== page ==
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Publication numberUS4854773 A
Publication typeGrant
Application numberUS 07/208,999
Publication dateAug 8, 1989
Filing dateJun 20, 1988
Priority dateJun 20, 1988
Fee statusLapsed
Publication number07208999, 208999, US 4854773 A, US 4854773A, US-A-4854773, US4854773 A, US4854773A
InventorsJames D. Nicoll
Original AssigneeNicoll James D
Export CitationBiBTeX, EndNote, RefMan
External Links: USPTO, USPTO Assignment, Espacenet
Beach carpet
US 4854773 A
Abstract
Accordingly, the present invention provides a strip stored as a roll and adapted to be unrolled along a support surface supporting a fluid. The strip includes a flexible matrix and a plurality of weighted material dispensed through the matrix and secured therein and having a predetermined weight to allow the strip to rest upon a support surface supporting a fluid thereon.
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Claims(7)
What is claimed is:
1. A flexible, rollable mat adapted to be unrolled along a surface supporting a body of water, said mat comprising:
a flexible, generally sheet-like matrix fabricated from a polymeric material and having a plurality of discrete particles of a weighting material retainably embedded therein, the density and amount of said weighting material being sufficient to cause the mat to sink beneath the body of water; said mat further including a plurality of spaced apart openings extending therethrough and configured to allow passage of water and gas therethrough.
2. A mat as in claim 1, wherein the density and amount of weighting material confers sufficient density to the mat so as to cause compression of the surface upon which it is disposed so that water is displaced therefrom and said surface is firmed.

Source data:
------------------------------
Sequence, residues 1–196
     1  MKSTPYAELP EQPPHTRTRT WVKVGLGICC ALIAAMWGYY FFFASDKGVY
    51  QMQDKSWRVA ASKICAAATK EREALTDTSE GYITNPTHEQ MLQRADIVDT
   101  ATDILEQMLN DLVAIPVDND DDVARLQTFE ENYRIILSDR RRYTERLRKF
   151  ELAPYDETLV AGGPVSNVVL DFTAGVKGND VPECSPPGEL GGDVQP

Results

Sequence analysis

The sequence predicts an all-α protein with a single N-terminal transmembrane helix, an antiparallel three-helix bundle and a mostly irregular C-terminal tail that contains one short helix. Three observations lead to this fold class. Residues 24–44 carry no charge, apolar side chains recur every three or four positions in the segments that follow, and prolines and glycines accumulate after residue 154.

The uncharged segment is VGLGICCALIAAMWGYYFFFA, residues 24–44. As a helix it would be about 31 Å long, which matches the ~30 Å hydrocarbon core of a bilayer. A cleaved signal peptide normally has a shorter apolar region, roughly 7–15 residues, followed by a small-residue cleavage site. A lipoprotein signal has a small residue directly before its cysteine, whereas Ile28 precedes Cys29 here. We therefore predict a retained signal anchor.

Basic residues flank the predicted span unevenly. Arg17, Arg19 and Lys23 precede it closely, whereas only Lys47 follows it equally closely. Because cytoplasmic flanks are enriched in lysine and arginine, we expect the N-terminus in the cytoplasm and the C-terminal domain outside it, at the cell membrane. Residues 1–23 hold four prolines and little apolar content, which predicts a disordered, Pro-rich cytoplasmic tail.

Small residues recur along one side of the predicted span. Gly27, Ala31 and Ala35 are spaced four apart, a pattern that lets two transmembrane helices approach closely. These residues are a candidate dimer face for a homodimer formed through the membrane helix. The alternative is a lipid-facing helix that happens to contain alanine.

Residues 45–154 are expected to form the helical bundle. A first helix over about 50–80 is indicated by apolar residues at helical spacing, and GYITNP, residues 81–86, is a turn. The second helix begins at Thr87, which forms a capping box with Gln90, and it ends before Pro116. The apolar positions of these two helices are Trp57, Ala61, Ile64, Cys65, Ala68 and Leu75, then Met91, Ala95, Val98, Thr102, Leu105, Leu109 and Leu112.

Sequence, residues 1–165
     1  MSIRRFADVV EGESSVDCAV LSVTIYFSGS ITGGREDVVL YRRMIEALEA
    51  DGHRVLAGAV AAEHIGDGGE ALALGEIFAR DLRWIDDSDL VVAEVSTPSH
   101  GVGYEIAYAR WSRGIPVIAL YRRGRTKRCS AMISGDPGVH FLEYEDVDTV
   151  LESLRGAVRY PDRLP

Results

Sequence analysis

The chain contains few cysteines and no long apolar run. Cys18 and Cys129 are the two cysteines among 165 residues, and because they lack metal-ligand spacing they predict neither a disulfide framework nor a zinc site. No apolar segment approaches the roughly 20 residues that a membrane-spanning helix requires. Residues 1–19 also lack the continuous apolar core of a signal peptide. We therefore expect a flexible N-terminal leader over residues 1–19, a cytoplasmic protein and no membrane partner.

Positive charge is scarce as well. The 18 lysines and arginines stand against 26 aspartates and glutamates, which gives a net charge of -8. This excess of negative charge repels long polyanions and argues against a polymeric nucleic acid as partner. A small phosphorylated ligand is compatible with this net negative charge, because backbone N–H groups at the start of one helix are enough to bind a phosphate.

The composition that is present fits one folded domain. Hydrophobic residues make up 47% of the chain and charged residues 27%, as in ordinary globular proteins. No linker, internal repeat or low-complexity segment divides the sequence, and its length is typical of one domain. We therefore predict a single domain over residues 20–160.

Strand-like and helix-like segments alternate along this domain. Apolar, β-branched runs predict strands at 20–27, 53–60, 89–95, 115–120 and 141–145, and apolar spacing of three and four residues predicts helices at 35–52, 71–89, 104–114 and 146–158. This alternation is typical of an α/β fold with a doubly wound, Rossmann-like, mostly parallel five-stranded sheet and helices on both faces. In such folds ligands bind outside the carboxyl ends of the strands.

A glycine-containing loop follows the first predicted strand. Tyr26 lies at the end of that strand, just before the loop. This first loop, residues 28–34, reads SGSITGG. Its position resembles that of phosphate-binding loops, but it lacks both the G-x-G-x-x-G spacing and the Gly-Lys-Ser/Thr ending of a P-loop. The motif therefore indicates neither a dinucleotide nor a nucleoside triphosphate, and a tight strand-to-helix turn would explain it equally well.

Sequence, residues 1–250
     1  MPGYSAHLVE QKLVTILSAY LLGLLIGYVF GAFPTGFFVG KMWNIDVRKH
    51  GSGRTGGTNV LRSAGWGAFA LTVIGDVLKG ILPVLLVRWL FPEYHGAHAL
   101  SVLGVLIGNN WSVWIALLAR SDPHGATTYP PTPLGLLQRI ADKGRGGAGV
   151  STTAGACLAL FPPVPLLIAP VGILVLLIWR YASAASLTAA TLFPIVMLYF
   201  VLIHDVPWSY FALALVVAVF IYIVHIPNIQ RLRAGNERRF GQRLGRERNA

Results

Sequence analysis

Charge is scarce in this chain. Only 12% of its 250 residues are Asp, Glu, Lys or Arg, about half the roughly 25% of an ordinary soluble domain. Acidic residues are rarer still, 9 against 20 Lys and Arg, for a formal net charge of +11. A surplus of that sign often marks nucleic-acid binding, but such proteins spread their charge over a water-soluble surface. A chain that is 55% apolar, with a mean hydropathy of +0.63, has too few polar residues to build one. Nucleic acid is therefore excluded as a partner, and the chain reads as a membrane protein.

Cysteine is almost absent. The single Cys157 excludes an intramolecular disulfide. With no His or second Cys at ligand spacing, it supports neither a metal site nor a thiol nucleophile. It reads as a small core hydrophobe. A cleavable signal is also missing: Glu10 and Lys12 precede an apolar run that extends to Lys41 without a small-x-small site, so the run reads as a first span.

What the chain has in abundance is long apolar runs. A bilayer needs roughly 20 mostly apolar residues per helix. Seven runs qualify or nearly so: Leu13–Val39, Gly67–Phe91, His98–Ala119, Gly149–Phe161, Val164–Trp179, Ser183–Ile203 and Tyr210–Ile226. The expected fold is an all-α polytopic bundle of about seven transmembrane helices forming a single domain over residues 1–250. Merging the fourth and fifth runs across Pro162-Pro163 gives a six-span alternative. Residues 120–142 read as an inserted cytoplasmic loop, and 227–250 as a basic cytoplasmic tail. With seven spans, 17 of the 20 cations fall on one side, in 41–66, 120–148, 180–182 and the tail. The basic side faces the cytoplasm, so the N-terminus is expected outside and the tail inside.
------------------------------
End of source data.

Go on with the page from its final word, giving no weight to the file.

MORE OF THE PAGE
3. A mat as in claim 1, wherein said weighting material is gravel.
4. A mat as in claim 1, further including a layer of sand retainably embedded on one surface thereof such that a texture is imparted to that surface.
5. A mat as in claim 1, further including a plurality of cables embedded in the matrix.
6. A mat as in claim 5, further including attachment means connected to the cables.
7. A mat as in claim 6, wherein said attachment means comprises an eye hook.
Description
BACKGROUND OF THE INVENTION

1. Field of the Invention

The subject invention relates to a strip stored as a roll and adapted to be unrolled along a bed of a body of water for preventing growth of aquatic weeds.

2. Description of Related Art

Living beside a freshwater lake presents a myriad of problems. These problems include rampant weed growth and muck, murky, leech-infested mud bottoms. While wading out for a swim through dark tangles of weeds is a psychologically shattering, if not altogether prohibitive, experience, it is certainly a dangerous one. Many drownings occur annually in weedy inland waters. Further, most lake bottoms that exhibit such weed growth also harbor mud or silt bottoms, which are an ideal habitat for leeches or "blood-suckers," the absolute terrifying end-all for most people and virtually all children. Another problem is that weeds can also choke waterways in little canals or near docks to the point of impeding or prohibiting the passage of pleasure craft. An additional problem is one of simple aesthetics. Obviously, a sandy beach which extends out a distance into the water not only feels better on the feet, it is more visually appealing as well. Not only can you see your feet and where you are walking (taking away the "fear of the unknown"), but a light colored bottom also lets you see fish in visual relief. Thus, the aesthetics appearance invites an underwater swim.